11.00 - 12.00: Lunch
Entire afternoon: Carnival for the ENTIRE school, comprising fancy dress, a play, competitions, etc. The Headmaster also intended appearing in fancy dress.
Purim kits were to be distributed in both the Manchester King David Primary and High Schools, by courtesy of the Lubavitch. These Lubavitch Purim kits contained some sweets, biscuits and two coins to enable the pupils to observe the Purim Mitzvot of Mishloach Manot and Matanot Laevyonim. The Headmaster of our school had forbidden the distribution of these kits, but he suggested that we open the school tuck shop at the back of the hall where we read the Megillah to the lower school. After the service, the pupils would purchase tuck and give it to their friends and I told them how to do it. They were also told (as also in previous years) to bring money for a collection we made for the poor. This was then immediately sent to the local Jewish Welfare Council to be given to at least two poor people.
I ask, whether it would have had a detrimental effect on the careers and public examination results of the pupils if the entire King David High School in Liverpool would have done a similar programme to Manchester during the entire day of Purim,?!
Again I wrote a pantomime, but I felt it was not as successful as the previous year. I cannot remember the plot. All I remember was that I, myself, acted Sabbi Rimons and a broken umbrella came into the story somewhere. This was followed by a few sixth form boys singing a Purim song which they themselves had written, and then by a fancy dress competition which was won by two boys who were dressed up as Marks and Sparks.
The last year I was in the School - 1978 - there was no school on Purim. The reason - it was the day before Good Friday. (That year Pesach occurred a month after Easter.)
[This reminds me of the occasion when the Knesset had planned to meet on Tisha B’Av. The religious Knesset members objected. It did not meet that Tisha B’Av - because it was discovered that that day was a Moslem Festival.]
In 1973, Lag B’Omer occurred on a Sunday, a day when pupils generally don’t have school. This enabled the Manchester Lubavitch to arrange a programme on a large scale for the children of Manchester and the North of England.
The day was to begin with a banner carrying parade in the streets of Manchester. This was to be followed by a programme at Aintree Racecourse, which was close to Liverpool and finally a cruise on the River Mersey. The price for participation was 50 pence per child and for this money, in addition to the programme, all participants would receive a picnic lunch and a raffle ticket.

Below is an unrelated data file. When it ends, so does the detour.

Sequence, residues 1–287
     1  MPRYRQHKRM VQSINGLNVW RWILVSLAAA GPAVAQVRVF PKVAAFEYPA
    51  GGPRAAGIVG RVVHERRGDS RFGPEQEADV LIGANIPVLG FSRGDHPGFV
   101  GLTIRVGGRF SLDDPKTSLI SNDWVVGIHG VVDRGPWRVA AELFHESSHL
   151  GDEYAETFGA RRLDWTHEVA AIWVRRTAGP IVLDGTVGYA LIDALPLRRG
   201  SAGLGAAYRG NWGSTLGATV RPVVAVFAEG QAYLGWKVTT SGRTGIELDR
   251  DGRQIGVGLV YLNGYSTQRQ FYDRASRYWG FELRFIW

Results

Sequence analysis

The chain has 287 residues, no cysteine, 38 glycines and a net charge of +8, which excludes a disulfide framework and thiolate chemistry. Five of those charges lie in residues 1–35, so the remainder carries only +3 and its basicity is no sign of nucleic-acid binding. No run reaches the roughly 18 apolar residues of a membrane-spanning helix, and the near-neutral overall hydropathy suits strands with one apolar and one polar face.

When our Headmaster saw the programme, he asked me to inquire whether there was any point in our pupils going all the way to Manchester just to march and whether it would not be better to go straight to Aintree Racecourse? I asked Rabbi Farro this question and he told me that the march was at least as important as the rest of the programme.
We sold quite a number of tickets to pupils in the lower part of the school and ordered two coaches to transport us on that day from place to place. In addition to myself, the pupils were accompanied by a Jewish Mathematics teacher at the school, Rabbi Turk and possibly others whom I cannot recollect.
On the Sunday morning, instead of two coaches, two double-decker buses arrived. We embarked and off we went to Manchester. There we marched with all the other children from Manchester and the surrounding areas, waving banners with such slogans as “Save our Shabbos” and “Put on Tephillin and let’s start davening.”
Following this, everyone went to Aintree Racecourse, which the Lubavitch had hired for the day. A picnic lunch was distributed to all the participants. As far as I remember, the Lubavitchers had filled big plastic dustbins with water so that everybody could do netillat yadayim. Following birchat hamazon, the boys were separated from the girls and the afternoon programme began.
The first item was a story beautifully narrated by Rabbi Turk. It concerned a man who travelled to Israel during the period of the British Mandate. His ship was delayed and arrived just before Shabbat. In order not to desecrate Shabbat he left his entire luggage at the port, seriously risking losing the lot to looters. When he returned after Shabbat, expecting it all to be missing, he found a British soldier guarding it. The soldier’s commander had been so impressed that a Jew was prepared to loose all his valuable belongings for the sake of Shabbat that he had ordered a soldier to guard them throughout the day.